For an hour this morning, starting at eleven o’clock Eastern Time, the US Supreme Court will interrogate lawyers representing the state of Texas, the federal government, and a young woman who recently graduated from Louisiana State University. That woman, Abigail Noel Fisher, is suing the University of Texas in an attempt to recoup a $50 application fee and a $50 housing deposit that she forfeited when she was denied admission to UT several years ago.
It’s a weird case, and it gets weirder. The Supremes last addressed affirmative action in college admissions — the issue at the heart of today’s case — just nine years ago, with Justice Sandra Day O’Connor fashioning a narrow compromise that allowed campuses to consider race (but not in any quantifiable way) in order to promote campus diversity (but not as redress for past discrimination). Many observers consider it unlikely that Justice Anthony Kennedy will be persuaded to completely abandon that standard, particularly so soon after it was implemented.
Complicating things even further, the newest member of the Court — Elena Kagan, herself a former university dean (Harvard Law, 2003-2009) — won’t be participating, having recused herself due to her involvement in the case during her brief tenure as President Obama’s first Solicitor General.
The Court is deeply divided on the issue of affirmative action right now. In a 2007 opinion Chief Justice Roberts — joined by the Court’s other three staunch conservatives — wrote flatly (and famously) that “the way to stop discrimination on the basis of race is to stop discriminating on the basis of race.” That doesn’t leave a lot of wiggle room.
On the other side, Kagan is as noted sitting this one out, and two of her liberal colleagues are on record in support of affirmative action in college admissions. The third, Obama appointee Sonia Sotomayor, hasn’t written on the subject yet as a justice, but she seems an unlikely defector on this issue.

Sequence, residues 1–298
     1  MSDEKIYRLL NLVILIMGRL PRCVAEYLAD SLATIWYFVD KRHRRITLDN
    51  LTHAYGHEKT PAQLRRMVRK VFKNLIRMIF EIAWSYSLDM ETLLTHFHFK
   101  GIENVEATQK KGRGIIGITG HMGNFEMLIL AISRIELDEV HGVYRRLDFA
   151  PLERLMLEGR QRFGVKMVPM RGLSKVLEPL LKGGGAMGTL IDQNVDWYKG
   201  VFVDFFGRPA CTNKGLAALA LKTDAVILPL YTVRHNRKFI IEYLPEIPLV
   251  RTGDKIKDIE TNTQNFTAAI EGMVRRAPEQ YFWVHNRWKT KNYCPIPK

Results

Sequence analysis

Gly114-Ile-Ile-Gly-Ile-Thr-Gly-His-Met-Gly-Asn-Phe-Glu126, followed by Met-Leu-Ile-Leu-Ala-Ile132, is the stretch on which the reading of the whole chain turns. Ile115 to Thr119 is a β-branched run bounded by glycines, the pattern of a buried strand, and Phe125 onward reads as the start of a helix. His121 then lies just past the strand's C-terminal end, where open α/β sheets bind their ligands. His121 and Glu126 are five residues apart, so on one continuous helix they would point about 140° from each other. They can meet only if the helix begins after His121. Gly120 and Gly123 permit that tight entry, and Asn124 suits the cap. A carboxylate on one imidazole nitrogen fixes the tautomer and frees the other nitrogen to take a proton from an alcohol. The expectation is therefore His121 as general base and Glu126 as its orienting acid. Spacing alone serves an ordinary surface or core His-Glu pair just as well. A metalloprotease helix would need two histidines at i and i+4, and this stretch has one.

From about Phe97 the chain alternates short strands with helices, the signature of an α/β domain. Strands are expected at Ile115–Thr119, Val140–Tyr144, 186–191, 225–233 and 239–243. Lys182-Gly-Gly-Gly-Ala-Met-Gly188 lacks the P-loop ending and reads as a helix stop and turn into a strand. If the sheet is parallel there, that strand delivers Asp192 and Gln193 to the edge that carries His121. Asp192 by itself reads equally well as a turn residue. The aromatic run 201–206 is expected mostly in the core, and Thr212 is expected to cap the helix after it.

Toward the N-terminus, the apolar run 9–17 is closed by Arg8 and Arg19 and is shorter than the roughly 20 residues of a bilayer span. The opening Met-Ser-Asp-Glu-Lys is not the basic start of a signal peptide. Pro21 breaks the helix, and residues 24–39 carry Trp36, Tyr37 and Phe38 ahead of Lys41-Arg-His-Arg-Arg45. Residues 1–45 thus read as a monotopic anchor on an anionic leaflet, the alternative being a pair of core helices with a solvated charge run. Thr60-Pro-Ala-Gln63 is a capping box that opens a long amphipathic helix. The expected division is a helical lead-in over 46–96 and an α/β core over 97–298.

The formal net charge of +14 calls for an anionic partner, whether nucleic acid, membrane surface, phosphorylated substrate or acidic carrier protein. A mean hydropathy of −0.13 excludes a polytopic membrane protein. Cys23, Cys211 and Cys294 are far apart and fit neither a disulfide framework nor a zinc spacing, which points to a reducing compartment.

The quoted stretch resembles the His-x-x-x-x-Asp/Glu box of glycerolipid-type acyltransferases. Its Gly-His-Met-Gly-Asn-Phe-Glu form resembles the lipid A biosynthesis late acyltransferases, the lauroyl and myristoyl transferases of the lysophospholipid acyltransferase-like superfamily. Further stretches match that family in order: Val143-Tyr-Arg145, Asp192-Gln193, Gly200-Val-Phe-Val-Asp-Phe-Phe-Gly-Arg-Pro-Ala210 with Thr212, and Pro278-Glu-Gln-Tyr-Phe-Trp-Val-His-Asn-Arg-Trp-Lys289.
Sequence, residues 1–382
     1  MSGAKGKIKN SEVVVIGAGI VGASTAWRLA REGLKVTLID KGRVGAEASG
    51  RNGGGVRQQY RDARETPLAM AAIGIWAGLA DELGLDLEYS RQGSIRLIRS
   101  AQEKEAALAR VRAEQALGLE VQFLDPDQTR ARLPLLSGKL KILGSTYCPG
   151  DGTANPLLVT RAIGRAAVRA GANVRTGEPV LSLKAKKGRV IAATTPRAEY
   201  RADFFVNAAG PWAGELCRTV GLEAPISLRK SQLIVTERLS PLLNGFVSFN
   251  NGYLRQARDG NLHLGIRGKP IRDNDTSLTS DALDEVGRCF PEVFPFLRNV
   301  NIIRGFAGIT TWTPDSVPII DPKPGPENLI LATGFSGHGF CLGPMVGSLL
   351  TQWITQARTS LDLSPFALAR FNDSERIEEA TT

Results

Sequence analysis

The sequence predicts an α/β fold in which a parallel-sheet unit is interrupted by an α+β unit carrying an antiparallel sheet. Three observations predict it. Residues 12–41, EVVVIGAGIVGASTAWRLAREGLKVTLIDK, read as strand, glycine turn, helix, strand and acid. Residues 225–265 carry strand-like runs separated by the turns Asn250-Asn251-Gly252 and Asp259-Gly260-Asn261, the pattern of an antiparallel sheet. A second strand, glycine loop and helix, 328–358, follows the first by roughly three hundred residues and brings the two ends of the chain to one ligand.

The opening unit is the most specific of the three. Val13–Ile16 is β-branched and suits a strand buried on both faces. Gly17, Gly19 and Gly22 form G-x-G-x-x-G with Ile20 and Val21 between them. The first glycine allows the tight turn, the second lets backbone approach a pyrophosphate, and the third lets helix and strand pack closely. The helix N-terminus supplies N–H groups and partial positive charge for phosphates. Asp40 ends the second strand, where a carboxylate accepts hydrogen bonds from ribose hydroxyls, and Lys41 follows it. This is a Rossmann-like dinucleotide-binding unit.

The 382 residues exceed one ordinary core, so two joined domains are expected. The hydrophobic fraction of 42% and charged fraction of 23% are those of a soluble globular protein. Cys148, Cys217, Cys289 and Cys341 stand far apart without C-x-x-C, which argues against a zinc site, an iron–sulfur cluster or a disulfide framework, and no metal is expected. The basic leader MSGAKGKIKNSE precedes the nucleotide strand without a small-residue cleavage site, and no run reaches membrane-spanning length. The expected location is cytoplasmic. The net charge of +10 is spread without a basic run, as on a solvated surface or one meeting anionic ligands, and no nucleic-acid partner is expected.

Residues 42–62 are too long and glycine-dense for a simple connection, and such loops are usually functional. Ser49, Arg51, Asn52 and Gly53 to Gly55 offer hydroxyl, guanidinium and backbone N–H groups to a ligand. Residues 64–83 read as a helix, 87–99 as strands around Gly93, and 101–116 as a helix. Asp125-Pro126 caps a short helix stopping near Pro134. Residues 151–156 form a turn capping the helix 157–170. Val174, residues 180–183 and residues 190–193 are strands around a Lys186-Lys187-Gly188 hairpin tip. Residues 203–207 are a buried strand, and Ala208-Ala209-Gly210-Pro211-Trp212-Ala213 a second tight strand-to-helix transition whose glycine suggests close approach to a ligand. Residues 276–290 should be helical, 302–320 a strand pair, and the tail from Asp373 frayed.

Given all this, and barring any truly bizarre surprises, there are three ways this decision could come down:
First, Justice Kennedy could join with the Court’s four most conservative justices in a decision striking down affirmative action in college admissions entirely. Many observers consider this unlikely, but others note that Kennedy has never cast a vote on the Court in favor of an affirmative action policy.
Second, Kennedy could join with the Court’s conservatives in a decision that preserves campus affirmative action, but limits it even further. Considering the narrow scope in which admissions officials currently operate, and the fact that it was Kennedy himself who established the present framework, this is likely to result in a head-scratcher of a decision.
And third, Kennedy could join with the Court’s three liberals in affirming the status quo, or something similar. This would mean a four-four tie, which would, given the Court’s rules, leave the Texas admissions setup intact without creating new precedent. If that happens, the Court may well call a do-over with a new case — and Kagan’s participation — in the fairly near future.
If I had to bet, I’d bet on number three. But I wouldn’t bet much. (For a deeper analysis of all this from someone who knows much more than I do, check out this detailed analysis from SCOTUSblog. For my own take on the moral and practical issues at stake in the case, read this rant from yesterday.)
Oral arguments are at eleven o’clock this morning. Transcripts should be made available this afternoon, and audio at the end of the week. (The Supreme Court does not permit video recording or livestreaming of oral arguments.) Expect lots of wild guessing and speculation by the end of the day about what the arguments mean (including from me), and look for an actual decision to come down sometime next spring.